Overhead Press: Of course you can bring this exercise back to its roots. The overhead press is still an exercise that requires a lot out of your body. You’re going to need a lot of core strength, stability from your lats, and power in your upper arms to press the weights up above your head.
You can do these sitting or standing, while still reaping the benefits of your workout, so if you’ve had a particularly intense leg day, you can take a load off with a few sets of sitting overhead presses without burning out your legs. You can also use a regular overhead press to work your way up to military presses.
You’re going to struggle less with your stability because your legs will be around shoulder-width apart, allowing for a more natural balance and center of gravity. Once you feel like overhead presses aren’t challenging enough for you, you can graduate up to military presses, and really work your core.
Breathing: Breathing can make or break your military presses. If you can master your breathing you can probably work in an extra rep or two, and get your one-rep max up much higher. Your muscles are powered by oxygen and nutrients, and if you deprive your body of that precious oxygen during crucial moments, you’re needlessly handicapping yourself with no real benefit. Taking a deep breath before you start your lift not only sets your lower abdomen and your chest, it also supplies you with the oxygen you need to press the weights over your head. You can exhale as you press the weights over your head to avoid undue pressure on your torso since you’re already doing so much of that by setting your abs and back. When you’re lowering the weights this is the perfect time to take a breath in, and you’ll be right back where you started, and ready to exhale on your next press.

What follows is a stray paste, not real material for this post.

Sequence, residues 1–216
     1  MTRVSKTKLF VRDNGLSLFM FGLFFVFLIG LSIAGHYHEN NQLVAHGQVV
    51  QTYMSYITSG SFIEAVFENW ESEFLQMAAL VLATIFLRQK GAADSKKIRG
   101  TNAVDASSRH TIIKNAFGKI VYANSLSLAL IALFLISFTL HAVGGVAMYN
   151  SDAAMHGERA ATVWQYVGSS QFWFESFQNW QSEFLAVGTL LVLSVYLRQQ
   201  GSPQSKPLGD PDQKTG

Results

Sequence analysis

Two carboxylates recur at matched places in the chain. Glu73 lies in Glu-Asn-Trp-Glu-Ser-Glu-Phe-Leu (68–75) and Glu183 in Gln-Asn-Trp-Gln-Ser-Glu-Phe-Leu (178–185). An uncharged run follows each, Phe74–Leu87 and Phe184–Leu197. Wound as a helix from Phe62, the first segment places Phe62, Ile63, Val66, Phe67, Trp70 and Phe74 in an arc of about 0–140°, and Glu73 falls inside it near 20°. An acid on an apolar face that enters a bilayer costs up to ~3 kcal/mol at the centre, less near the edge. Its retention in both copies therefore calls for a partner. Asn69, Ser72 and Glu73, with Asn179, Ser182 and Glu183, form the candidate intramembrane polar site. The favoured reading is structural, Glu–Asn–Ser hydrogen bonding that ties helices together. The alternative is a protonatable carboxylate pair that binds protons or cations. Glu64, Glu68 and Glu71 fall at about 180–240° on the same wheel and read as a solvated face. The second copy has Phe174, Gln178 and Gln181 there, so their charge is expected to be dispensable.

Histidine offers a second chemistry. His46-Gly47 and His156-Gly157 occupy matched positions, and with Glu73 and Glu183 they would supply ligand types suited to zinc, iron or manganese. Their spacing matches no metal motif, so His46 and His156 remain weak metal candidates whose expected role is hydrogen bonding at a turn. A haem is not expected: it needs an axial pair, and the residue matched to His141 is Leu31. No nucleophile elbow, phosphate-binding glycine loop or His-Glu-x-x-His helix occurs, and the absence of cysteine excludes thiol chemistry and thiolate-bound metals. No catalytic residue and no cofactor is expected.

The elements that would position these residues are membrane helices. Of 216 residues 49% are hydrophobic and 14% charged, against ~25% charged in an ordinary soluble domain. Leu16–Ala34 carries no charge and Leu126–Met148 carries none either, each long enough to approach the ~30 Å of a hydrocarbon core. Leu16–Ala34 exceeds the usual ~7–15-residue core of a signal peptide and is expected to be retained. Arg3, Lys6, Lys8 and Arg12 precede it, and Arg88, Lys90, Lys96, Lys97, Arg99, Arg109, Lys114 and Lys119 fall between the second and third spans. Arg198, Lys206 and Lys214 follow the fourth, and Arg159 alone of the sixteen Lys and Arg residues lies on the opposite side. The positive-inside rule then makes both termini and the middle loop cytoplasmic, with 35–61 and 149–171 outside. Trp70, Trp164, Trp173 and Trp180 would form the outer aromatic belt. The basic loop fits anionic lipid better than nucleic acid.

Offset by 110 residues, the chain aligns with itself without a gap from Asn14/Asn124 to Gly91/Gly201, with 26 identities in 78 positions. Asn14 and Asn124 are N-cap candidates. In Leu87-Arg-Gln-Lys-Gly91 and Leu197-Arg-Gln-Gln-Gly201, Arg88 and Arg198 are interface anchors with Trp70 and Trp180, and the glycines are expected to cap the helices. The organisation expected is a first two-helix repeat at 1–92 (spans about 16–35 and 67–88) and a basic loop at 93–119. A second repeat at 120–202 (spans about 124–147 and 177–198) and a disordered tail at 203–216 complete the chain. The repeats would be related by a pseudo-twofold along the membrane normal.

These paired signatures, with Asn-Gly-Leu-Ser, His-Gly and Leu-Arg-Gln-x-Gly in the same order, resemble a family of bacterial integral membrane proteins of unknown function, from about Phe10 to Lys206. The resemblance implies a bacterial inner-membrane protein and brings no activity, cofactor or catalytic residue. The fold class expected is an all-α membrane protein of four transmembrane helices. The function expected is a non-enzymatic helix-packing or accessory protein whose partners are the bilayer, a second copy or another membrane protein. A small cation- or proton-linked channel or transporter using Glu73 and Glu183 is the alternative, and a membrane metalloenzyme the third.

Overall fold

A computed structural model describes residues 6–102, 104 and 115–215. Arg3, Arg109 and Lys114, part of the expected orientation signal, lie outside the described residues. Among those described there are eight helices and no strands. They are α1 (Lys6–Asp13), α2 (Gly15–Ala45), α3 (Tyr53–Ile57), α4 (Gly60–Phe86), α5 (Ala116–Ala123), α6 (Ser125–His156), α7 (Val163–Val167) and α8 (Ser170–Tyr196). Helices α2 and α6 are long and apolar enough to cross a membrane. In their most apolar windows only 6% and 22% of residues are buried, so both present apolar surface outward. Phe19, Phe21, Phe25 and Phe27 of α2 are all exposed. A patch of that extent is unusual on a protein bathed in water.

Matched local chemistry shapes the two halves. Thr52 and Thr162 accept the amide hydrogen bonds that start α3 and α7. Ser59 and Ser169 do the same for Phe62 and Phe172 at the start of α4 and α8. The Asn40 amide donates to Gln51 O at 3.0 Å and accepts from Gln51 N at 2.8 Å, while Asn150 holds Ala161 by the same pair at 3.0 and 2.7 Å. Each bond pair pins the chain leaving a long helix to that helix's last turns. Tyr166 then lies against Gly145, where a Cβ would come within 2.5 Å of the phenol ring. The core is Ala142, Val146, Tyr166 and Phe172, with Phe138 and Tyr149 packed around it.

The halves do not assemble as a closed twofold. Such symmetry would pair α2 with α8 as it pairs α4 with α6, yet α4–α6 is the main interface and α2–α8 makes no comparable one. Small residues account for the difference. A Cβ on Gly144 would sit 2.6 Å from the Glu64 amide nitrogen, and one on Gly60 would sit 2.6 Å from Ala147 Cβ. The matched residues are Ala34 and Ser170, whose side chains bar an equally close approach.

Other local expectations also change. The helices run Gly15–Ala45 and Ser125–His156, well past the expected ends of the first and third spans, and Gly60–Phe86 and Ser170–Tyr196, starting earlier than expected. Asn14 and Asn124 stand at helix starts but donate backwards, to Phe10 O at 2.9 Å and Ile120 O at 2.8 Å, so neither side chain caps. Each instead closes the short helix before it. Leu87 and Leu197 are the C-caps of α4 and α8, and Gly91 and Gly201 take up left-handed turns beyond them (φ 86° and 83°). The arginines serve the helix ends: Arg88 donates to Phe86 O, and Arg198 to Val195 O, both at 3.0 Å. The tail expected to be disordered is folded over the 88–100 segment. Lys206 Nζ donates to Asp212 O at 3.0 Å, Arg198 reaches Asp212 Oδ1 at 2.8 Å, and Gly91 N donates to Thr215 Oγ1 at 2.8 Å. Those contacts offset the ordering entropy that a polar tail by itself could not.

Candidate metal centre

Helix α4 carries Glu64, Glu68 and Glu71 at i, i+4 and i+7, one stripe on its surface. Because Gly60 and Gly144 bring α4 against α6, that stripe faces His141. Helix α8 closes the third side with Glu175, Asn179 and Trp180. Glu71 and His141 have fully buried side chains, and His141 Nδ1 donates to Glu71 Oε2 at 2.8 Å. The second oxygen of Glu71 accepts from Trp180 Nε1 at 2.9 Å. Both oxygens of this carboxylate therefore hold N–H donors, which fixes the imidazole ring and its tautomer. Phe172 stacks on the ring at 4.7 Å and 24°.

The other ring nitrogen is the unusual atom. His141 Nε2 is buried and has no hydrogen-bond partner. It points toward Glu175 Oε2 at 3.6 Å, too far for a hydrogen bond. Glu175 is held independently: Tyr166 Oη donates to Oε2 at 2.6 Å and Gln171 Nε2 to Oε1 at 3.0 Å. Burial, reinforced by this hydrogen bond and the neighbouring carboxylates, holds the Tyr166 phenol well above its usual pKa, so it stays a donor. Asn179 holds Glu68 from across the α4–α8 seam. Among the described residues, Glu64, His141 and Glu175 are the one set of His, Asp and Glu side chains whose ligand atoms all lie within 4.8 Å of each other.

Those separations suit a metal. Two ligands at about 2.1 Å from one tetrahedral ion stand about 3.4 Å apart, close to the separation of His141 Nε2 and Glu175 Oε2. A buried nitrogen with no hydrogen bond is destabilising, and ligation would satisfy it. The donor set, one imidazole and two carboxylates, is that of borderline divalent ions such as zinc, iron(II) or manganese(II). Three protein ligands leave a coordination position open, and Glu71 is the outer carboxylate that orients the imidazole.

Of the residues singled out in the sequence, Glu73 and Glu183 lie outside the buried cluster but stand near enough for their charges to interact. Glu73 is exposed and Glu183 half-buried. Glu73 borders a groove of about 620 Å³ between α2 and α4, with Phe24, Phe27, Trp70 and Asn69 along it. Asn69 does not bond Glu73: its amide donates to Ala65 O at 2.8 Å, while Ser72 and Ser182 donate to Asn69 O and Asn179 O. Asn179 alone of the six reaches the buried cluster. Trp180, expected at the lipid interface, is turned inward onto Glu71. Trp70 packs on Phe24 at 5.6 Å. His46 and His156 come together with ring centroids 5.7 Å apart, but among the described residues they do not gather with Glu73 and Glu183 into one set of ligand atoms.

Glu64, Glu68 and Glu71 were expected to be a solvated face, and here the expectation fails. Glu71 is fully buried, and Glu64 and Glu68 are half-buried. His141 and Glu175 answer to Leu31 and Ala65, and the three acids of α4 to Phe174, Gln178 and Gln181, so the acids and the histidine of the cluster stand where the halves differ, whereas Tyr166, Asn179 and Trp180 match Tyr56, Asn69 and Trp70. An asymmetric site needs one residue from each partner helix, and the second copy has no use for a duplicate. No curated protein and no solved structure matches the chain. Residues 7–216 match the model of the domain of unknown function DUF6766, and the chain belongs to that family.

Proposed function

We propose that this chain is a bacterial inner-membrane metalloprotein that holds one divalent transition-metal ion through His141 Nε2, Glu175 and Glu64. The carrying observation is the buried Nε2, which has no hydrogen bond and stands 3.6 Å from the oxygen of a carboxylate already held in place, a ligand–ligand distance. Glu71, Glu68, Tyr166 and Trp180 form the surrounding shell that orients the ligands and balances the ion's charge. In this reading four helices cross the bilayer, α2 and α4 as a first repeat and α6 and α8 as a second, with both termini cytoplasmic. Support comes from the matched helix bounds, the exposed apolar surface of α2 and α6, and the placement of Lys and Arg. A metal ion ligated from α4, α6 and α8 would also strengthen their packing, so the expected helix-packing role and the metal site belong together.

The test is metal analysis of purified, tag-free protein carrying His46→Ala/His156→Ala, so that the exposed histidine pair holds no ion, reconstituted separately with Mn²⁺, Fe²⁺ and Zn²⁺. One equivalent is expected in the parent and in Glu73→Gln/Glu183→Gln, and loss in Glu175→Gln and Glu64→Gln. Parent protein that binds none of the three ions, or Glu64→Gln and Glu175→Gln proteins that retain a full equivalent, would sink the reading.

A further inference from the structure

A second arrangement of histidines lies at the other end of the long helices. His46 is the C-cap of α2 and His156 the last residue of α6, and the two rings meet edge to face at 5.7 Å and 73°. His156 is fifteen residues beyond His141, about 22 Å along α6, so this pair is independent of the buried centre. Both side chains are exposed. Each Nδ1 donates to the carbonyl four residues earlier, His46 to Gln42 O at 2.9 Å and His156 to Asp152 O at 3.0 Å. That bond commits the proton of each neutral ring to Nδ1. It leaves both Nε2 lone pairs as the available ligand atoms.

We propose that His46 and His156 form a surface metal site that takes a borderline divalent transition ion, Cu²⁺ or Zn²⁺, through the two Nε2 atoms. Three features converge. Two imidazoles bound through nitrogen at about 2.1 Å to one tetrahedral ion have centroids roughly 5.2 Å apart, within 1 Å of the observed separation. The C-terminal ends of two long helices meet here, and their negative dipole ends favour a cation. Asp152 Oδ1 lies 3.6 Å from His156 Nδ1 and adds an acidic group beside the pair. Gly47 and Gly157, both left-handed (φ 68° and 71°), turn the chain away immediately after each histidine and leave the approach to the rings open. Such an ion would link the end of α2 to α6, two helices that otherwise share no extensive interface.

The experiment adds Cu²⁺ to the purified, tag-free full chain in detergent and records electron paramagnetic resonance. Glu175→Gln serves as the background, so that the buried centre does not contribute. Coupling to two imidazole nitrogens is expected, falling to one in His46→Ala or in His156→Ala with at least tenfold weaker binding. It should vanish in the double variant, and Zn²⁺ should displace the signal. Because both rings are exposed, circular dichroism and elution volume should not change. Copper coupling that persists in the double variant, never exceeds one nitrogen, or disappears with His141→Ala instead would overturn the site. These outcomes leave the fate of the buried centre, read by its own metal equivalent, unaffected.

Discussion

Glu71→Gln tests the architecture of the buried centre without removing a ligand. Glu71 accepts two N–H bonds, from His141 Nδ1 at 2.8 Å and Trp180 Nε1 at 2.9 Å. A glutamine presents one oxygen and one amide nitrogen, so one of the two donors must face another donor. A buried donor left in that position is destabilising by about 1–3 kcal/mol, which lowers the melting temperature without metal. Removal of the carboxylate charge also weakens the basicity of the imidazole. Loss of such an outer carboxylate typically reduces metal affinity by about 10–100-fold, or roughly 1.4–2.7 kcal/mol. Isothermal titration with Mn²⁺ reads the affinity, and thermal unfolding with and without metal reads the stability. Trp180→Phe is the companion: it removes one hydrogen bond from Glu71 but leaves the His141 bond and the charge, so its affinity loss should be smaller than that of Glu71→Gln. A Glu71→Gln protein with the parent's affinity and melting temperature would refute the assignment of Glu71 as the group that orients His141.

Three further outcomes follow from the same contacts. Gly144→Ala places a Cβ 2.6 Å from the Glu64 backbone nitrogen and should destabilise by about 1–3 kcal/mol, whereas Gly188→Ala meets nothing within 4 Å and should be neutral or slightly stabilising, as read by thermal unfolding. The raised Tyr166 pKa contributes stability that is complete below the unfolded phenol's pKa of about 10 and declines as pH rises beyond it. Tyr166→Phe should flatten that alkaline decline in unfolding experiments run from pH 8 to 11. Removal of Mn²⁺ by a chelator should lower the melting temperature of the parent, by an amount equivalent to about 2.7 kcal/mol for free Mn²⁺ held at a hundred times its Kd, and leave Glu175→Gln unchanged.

Don’t Forget to Warm Up: The two easiest ways to injure yourself when you’re taking on the Military Press are neglecting your warm-up and taking on too much weight. You can avoid both of these by being realistic about the amount of weight you’re lifting, and by remembering to warm up every single time. It’s tempting to cut down on your time in the gym by packing on more weight and going for fewer reps, but you’re not going to be building muscle if you’re laid up in your bed for a week after you pulled your shoulder. Just take the minute it takes to warm up, and lift a challenging, but realistic amount of weight.